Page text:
Wednesday, April 28, 2010

Fiduciary Responsibility vs. Fiduciary Duty

While the campaign to establish a "fiduciary standard" is commendable in that it could establish fiduciary responsibility for at least advisers, it is not professional fiduciary duty.   Fiduciary responsibility assumes "unavoidable" conflicts of interest, while professional fiduciary duty does not tolerate conflicts of interest.

Already there has been movement to remove registered representatives and insurance agents from any fiduciary responsibility, because they have a contractual duty to their broker/dealer and/or insurance company.  It is assumed that entitles them to only an issue of "suitability".  When a salesman offers a product as suitable, how is that not advice in the mind of the consumer, however well informed?  With "disclosure", the well informed consumer is dumped into the caveat emptor barrel and pickled.  Purposeful confusion about who is commission or fee-based and commission or fee-only but a broker-dealer representative or truly fee-only has been the historical and current result of the SEC and FINRA both seeing their constituency reason for being as salesmen and the investment industry rather than the American public.

This purposeful confusion cannot be abated by transparency alone.  There have to be clear labels with no confusing terms.  A salesman is a salesman who should have a fiduciary responsibility to do no harm to the customer; suitability is not enough.  We have already seen in the current financial crisis what can happen when salesmen are allowed to sale toxic garbage as "investments".

An adviser who receives commissions and so called fee-only representatives of a broker/dealer advisory service are conflicted salesmen who give advice and, as such, are "advisory salesmen" who have a fiduciary responsibility to act in the best interest of the customer despite inherent, not unavoidable, conflicts of interest.  Such adviser salesmen cannot have the same regulatory title as a true fee-only advisor who has the fiduciary duty to act in the best interests of the client without any conflicts of interest.  While an "advisory salesman" will require a documented "process" and a minimal standards based training consistent with current certificant programs to substantiate "advice" culminating in sales, a true fee-only advisor will require education consistent with a rigorous Masters in Finance which includes finance courses, CFA courses, CMT courses, macro-economic courses, tax courses, and retirement and estate planning concepts/case study courses.  A true fee-only advisor would save the client at least 80% or more in total costs.  The salesmen and "advisory salesmen" depend on the current regulatory deception which blurs who is who and what the real cost is to their customers.  There needs to be a true financial advisory profession based on substantive education.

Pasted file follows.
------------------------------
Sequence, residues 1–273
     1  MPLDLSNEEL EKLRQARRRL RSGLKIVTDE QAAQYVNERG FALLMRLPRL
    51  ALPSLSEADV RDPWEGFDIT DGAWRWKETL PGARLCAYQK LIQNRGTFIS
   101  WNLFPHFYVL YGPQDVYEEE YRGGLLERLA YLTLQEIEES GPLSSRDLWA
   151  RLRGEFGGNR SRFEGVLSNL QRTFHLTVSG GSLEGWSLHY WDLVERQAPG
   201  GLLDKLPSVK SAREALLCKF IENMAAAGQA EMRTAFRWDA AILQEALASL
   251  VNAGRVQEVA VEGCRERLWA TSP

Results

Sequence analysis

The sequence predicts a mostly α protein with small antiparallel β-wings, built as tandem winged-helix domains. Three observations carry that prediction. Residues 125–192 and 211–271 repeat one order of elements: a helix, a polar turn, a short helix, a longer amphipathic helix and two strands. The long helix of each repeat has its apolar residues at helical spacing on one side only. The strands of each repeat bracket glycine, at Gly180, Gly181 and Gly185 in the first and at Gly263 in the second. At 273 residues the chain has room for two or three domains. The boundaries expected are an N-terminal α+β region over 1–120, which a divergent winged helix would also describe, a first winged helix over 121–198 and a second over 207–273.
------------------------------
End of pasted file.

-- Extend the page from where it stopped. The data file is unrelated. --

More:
In the United Kingdom, the Financial Services Authority has proposed and is implementing that a financial advisor must be fee only.  This may result in many leaving the advisory trade, because they prefer the money from sales.  That is as it should be.  The choice should be salesman or advisor with no confusing alternatives. Until the general public can have a clear and transparent knowledge of who is who and the costs involved, they will continue to be fodder for salesmen and "advisory salesmen" who hide behind the current regulatory curtains of deception. Simply disclosing a conflict of interest does not go far enough.  Simply disclosing one receives commissions without providing a total cost to the customer does not go far enough. The current "profitable" business model grew out of the purposeful SEC regulatory confusion which panders to salesmen and investment companies.  We have seen time and again this business model is inherently and intrinsically corrupting, if not corrupt.  Regulation of financial advisors needs to be in the best interests of the American public.  This means fee only with no conflicts of interest, no product sales, and no special relationships with proprietary product providers or fund companies or investment management companies or broker/dealer advisory firms.